A watchdog body for the United States The Census Bureau says that sufficient information infrastructure security protections were not in place leading up to the launch of last year’s 2020 census, although some of the results were contested by the statistics body and no data was compromised.
According to the study released last week by the Office of Inspector General, there were a large number of IT threats that remained open until the start of the head count of any U.S. citizen that decides how many congressional seats and Electoral College votes each state receives, as well as the allocation of $1.5 trillion in federal funds each year.
Since they were pointed out by the Office of Inspector General, the Census Bureau was able to fix some of the protection vulnerabilities, and others were corrected just before most U.S. citizens started answering the 2020 census questionnaire in March, the study said.
“The integrity of data from the census is crucial,” said the paper. “The representation in the House of Representatives and the distribution of federal money could be disproportionately distributed if population numbers were manipulated.”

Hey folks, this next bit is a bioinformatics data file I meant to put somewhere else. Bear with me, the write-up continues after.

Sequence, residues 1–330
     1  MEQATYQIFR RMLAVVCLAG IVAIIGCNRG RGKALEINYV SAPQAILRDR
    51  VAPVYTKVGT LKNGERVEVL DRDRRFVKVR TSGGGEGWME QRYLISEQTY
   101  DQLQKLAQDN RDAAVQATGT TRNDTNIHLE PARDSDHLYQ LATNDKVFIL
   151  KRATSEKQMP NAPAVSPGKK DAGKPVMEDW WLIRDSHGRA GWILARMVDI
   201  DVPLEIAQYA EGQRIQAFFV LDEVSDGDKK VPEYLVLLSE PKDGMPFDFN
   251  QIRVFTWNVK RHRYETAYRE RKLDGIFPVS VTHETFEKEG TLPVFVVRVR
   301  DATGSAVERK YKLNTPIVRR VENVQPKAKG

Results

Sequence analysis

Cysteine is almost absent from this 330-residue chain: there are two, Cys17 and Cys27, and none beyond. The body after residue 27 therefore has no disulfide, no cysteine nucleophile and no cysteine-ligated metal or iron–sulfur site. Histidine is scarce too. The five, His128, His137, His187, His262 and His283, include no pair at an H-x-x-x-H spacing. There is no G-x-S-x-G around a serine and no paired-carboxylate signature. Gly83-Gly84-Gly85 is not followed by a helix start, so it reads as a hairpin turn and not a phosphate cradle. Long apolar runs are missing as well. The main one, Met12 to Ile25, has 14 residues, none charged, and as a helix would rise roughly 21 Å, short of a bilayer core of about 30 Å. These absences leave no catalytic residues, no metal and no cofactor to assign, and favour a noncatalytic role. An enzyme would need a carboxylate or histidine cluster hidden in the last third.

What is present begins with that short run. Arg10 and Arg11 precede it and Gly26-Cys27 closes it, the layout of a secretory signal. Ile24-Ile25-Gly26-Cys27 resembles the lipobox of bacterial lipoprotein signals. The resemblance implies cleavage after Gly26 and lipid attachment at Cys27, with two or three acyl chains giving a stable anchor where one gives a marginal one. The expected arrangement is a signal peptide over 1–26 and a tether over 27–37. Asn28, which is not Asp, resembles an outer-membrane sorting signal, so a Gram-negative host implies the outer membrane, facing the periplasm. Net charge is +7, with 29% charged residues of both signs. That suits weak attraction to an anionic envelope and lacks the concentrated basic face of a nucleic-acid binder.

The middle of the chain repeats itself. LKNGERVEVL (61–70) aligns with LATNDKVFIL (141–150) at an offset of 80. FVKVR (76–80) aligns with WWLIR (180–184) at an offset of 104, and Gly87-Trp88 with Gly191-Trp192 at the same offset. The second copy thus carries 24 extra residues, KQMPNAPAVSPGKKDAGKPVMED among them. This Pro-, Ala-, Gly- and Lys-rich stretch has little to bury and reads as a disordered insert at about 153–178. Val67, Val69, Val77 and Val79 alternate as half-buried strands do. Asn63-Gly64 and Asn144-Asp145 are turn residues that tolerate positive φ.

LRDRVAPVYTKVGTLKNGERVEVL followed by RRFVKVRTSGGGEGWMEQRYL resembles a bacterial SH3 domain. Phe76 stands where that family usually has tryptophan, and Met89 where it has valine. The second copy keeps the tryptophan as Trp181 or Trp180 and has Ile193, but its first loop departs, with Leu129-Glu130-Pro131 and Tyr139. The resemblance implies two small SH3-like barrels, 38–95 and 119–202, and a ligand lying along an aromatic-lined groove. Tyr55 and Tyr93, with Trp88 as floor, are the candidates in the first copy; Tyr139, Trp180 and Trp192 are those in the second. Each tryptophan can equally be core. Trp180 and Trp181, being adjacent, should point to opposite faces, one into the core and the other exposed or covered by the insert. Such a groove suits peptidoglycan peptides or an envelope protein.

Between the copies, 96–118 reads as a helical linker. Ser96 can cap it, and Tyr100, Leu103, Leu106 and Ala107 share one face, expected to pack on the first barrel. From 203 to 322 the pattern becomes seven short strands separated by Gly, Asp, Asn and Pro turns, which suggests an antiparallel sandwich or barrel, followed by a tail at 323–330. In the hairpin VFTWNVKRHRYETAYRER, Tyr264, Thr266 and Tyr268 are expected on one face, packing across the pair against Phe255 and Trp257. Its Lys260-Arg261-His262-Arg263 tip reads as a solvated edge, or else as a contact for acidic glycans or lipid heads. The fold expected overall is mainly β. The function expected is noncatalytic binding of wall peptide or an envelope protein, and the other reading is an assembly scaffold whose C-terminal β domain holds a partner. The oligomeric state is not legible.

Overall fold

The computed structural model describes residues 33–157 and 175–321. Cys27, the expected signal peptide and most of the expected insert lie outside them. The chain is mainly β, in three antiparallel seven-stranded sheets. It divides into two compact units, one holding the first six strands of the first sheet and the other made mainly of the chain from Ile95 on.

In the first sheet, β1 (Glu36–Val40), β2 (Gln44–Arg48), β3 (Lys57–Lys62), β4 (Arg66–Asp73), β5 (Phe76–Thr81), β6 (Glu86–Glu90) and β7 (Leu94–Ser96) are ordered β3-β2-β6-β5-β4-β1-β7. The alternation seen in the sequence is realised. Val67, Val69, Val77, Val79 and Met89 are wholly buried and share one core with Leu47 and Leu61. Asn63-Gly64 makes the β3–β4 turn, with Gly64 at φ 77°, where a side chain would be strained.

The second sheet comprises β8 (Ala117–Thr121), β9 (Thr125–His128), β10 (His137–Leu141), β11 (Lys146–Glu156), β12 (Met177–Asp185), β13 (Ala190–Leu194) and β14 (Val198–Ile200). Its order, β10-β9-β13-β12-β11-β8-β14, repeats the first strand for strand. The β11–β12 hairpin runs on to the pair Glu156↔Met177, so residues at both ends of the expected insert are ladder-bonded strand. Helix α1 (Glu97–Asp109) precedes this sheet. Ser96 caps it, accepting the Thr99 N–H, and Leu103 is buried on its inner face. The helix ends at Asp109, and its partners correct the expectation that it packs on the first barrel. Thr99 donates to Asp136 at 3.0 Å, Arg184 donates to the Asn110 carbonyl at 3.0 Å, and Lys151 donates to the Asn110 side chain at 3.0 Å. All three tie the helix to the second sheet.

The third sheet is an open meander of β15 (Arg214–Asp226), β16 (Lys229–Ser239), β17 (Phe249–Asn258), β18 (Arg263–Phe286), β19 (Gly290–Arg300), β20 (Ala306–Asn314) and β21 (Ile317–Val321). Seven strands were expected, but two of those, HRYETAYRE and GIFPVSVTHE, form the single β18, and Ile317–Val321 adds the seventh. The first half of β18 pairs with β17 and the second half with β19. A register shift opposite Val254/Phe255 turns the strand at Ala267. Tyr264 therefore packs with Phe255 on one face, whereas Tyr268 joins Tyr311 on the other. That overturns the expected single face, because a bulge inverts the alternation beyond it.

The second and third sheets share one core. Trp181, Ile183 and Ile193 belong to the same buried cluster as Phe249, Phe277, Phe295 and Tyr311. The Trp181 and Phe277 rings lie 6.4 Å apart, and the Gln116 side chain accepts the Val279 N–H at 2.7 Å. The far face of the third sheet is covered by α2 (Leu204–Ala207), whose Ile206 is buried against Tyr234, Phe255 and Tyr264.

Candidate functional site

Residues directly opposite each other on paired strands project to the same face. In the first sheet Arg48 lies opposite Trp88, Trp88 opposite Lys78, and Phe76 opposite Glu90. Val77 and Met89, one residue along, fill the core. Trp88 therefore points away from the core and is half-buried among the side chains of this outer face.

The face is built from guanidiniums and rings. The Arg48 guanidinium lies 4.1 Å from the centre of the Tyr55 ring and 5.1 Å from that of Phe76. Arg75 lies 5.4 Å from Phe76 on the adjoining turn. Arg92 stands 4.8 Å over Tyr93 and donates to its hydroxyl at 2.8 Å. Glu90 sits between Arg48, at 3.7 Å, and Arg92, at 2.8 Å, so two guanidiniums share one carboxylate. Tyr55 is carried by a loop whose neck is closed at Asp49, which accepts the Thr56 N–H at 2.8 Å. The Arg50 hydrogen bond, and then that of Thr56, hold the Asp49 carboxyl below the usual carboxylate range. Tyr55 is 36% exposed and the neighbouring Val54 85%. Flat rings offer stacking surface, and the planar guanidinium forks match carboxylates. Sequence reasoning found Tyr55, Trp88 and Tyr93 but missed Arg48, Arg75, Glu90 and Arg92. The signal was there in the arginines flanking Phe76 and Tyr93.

In a letter, the Census Bureau took issue with that assertion, stating that there was no data loss or compromise and that before most households started responding in March, the holes found by the Office of Inspector General were filled.
The 2020 census was the first one-a-decade count in which respondents were invited to respond to the online questionnaire, although they were still able to respond by mail or call. Around two-thirds of households replied on their own, while the remainder requested visits from census takers for interviews.